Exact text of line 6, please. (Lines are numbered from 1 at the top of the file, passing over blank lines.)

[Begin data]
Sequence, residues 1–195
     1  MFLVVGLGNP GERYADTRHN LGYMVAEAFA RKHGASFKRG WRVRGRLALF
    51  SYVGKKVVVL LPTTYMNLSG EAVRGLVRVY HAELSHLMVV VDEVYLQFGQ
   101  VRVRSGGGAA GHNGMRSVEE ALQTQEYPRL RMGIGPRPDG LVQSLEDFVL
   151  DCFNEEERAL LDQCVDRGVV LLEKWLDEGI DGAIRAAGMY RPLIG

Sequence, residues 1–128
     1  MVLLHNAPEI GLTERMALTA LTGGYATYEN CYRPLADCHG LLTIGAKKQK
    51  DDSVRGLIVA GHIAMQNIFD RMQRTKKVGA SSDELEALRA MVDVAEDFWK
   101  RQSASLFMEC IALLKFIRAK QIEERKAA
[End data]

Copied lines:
Sequence, residues 1–128